Parenting the post-NICU premature Infant

Susan Bakewell-Sachs, Susan Gennaro

    Research output: Contribution to journalReview article

    55 Scopus citations


    The birth of a premature infant is stressful for family members who must adjust to unfamiliar surroundings, learn new vocabularies; cope with the infant's uncertain survival and outcome, maintain vigilance at the neonatal intensive care unit (NICU), and eventually assume care for a recovering infant at home. Nursing research has focused on many issues related to parenting prematurely born infants, including parenting during the initial hospitalization, concerns of mothers about infant discharge, the relationship between premature infants and their mothers during the first 2 years after hospital discharge, the quality of the home environment on premature infant outcomes, parenting after the first 2 years, and interventions to improve parenting. This article focuses on research about parenting the post-NICU discharge infant to assist nurses in giving comprehensive, evidencebased care.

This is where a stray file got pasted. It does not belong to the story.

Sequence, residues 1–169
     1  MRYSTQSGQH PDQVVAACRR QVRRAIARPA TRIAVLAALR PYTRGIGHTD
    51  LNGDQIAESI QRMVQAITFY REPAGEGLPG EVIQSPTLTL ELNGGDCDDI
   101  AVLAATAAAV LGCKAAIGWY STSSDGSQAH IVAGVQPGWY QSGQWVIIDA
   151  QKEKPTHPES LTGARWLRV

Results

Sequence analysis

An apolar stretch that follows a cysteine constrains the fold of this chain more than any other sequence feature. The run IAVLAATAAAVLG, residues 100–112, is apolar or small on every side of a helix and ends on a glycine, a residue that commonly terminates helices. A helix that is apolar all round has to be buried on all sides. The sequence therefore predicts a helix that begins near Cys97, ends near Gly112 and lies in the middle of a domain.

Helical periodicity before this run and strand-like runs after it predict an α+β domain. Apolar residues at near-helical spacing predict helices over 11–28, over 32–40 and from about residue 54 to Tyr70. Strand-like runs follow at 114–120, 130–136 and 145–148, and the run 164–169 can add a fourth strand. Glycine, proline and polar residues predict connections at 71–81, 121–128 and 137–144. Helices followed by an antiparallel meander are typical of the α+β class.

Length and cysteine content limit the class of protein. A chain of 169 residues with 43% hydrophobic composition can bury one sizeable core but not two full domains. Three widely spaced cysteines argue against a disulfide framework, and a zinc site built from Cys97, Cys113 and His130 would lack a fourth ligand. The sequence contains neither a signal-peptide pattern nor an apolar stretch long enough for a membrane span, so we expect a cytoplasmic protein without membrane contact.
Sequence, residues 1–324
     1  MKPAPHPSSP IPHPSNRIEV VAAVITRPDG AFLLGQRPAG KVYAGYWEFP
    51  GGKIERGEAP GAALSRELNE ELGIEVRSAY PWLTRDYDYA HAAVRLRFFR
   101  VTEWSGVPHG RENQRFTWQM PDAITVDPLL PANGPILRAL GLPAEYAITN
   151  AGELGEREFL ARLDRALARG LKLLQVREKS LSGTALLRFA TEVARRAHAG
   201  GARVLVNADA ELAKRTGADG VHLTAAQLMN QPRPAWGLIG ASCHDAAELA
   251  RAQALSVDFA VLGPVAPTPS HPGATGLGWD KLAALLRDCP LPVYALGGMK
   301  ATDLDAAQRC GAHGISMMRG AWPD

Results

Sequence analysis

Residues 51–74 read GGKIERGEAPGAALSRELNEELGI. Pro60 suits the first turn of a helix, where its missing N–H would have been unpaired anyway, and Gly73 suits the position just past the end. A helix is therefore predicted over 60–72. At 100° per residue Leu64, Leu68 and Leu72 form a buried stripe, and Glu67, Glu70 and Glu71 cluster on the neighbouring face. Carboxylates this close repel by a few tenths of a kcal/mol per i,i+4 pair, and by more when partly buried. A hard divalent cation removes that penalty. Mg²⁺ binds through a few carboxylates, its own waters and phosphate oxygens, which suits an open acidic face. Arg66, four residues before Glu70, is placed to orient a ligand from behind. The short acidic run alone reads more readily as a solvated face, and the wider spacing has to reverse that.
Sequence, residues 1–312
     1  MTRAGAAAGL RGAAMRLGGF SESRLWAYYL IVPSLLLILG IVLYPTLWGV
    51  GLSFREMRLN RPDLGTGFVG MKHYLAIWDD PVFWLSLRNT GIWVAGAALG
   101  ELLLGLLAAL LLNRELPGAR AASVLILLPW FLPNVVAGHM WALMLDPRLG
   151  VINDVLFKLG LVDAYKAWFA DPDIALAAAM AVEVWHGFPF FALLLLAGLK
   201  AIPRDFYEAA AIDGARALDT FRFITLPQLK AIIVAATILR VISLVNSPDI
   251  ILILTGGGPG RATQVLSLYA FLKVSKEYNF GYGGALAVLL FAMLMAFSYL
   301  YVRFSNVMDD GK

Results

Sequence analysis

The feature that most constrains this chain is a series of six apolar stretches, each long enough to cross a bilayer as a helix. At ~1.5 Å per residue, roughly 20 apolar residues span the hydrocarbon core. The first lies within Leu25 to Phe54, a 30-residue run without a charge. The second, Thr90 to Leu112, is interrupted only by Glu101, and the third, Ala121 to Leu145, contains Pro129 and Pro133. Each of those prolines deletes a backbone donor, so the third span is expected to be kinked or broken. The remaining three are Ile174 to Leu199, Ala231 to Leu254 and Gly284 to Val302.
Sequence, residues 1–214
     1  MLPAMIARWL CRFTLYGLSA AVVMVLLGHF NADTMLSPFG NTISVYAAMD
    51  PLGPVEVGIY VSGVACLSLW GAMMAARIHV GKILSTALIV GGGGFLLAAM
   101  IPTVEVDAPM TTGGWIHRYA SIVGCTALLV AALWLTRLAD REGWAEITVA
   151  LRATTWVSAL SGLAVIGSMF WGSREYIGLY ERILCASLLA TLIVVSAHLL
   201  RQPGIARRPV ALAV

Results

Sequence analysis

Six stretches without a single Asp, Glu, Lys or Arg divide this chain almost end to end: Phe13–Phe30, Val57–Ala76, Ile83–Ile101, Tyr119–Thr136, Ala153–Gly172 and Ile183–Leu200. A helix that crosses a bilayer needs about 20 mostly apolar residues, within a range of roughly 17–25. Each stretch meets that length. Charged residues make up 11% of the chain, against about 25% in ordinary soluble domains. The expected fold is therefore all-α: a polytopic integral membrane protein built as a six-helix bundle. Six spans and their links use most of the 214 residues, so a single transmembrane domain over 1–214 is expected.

Original languageEnglish (US)
    Pages (from-to)398-403
    Number of pages6
    JournalMCN The American Journal of Maternal/Child Nursing
    Issue number6
    StatePublished - Nov 1 2004


    • Neonatal intensive care unit
    • Neonatal nursing
    • Parenting
    • Premature infant

    ASJC Scopus subject areas

    • Pharmacology (nursing)
    • Maternity and Midwifery

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